The development of miniature geolocator loggers (Global Location Sensing (GLS)) that provide locations of birds on a daily basis, has revolutionized the study of the winter ecology and migration patterns of seabirds (Wilson et al. 1992; Hill 1994; Guilford et al. 2009; Egevang et al. 2010; Frederiksen et al. 2012). In many cases, the findings have confirmed conclusions based on ringing recoveries and at-sea surveys, but in others there have been unexpected results. For instance, recent GLS data from northern gannets Morus bassanus breeding in Canada indicate that the Gulf of Mexico is a much more important wintering area than previously suspected, and moreover, that a few individuals regularly migrate across the Atlantic to winter off northwest Africa (Fifield 2011, Montevecchi et al. 2012). Similarly, GLS data from Westland petrels Procellariawestlandica from New Zealand colonies revealed that birds wintered on the Patagonian shelf, a region where the species had previously not been recorded, presumably because birds had been misidentified as white-chinned petrels P. aequinoctialis (Landers et al. 2011).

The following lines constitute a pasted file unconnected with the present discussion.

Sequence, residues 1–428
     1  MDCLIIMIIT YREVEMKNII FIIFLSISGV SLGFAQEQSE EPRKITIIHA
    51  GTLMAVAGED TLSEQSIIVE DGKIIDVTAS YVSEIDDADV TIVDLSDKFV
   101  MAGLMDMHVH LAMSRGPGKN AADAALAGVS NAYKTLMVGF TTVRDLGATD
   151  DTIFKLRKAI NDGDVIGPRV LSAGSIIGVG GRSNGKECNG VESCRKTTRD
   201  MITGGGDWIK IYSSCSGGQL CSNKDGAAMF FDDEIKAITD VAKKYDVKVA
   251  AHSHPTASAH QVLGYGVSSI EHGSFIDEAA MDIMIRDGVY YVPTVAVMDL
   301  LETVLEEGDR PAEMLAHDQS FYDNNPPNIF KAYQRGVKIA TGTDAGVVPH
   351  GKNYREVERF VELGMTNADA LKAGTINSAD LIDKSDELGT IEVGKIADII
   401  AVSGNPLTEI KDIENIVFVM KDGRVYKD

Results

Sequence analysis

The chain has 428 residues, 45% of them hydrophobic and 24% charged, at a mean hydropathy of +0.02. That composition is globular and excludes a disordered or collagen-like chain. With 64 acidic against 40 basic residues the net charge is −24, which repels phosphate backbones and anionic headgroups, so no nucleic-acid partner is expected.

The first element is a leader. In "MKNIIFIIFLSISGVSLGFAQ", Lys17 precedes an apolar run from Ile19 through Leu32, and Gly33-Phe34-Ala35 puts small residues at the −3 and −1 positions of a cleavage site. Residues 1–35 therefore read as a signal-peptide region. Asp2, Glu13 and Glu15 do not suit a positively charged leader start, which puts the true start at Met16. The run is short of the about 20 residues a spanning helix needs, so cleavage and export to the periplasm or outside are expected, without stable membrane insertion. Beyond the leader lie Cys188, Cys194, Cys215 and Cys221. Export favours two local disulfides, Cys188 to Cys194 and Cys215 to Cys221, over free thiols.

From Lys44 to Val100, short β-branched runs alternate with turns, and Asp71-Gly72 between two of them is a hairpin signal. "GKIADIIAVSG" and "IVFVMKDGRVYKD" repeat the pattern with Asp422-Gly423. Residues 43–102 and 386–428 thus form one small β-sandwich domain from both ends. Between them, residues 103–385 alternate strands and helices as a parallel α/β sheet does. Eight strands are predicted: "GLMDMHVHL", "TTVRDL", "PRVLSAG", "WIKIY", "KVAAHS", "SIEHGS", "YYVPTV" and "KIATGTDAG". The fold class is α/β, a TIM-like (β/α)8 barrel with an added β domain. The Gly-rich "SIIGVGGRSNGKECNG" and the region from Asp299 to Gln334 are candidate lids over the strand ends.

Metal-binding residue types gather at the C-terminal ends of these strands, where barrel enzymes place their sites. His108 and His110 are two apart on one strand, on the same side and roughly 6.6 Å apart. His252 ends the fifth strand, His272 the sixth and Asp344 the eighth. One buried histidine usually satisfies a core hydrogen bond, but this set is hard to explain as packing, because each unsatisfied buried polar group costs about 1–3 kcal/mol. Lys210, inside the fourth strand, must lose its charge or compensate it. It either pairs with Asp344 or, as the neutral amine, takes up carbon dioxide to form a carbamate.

Geolocators provide new opportunities to explore links between winter movements and seabird population dynamics. Timing of movements and winter destinations may vary between years depending on environmental conditions or intrinsic mechanisms such as density dependence or carry-over effects (Newton 2008; Inger et al. 2010; Bogdanova et al. 2011; Catry et al. 2013). Such variation may have major consequences for survival probability. In this study, we used geolocators to explore the link between winter distribution and survival in the Atlantic puffin Fratercula arctica (hereafter puffin), an abundant and widespread species in the northern North Atlantic where numbers are currently declining at many colonies (Harris and Wanless 2011). Despite large numbers of puffins being ringed, there are few recoveries and hence the wintering grounds of most puffin populations remain poorly known (Harris and Wanless 2011). However, deployments of geolocators at three colonies in the British Isles (Skomer, southwest Wales, Skellig Michael, southwest Ireland and the Isle of May, southeast Scotland) have started to clarify the situation. The studies on Skomer and Skellig Michael confirmed the long held belief that puffins breeding in western Britain disperse widely to the west Atlantic and west Mediterranean outside the breeding season (Harris 1984b; Guilford et al. 2011; Jessopp et al. 2013). In contrast, work on the Isle of May challenged the view based on ring recoveries and heavy metal/pollutant levels that this population remains in the North Sea in winter (Harris 1984a; Harris 1984b). Rather, the geolocation work showed that almost half of the tracked birds left the North Sea for some of the time and made major excursions into the east Atlantic (Harris et al. 2010). However, the 2007/08 winter when these data were collected, coincided with the second of two years when long-term demographic monitoring indicated that adult survival rates were greatly reduced. Thus, after a 50 year period of population increase at c.10% per annum, the breeding population declined by 30% between 2003 and 2008 (Harris and Wanless 2011). The reason for the exceptionally low survival over the 2006/07 and 2007/08 winters was not unequivocally established but the geolocation results hinted at the possibility that poor survival could have been associated with changes in wintering area and longer distances migration. Return rates of marked adults over the 2008/09 winter indicated that the survival of Isle of May puffins had returned to the higher levels typical of the previous three decades (Harris and Wanless 2011). This recovery provided us with the opportunity to test whether migration into the Atlantic of Isle of May puffins was a short term response associated with temporarily adverse conditions in the North Sea or a regular feature of this population that occurs irrespective of the conditions experienced during the breeding and nonbreeding periods.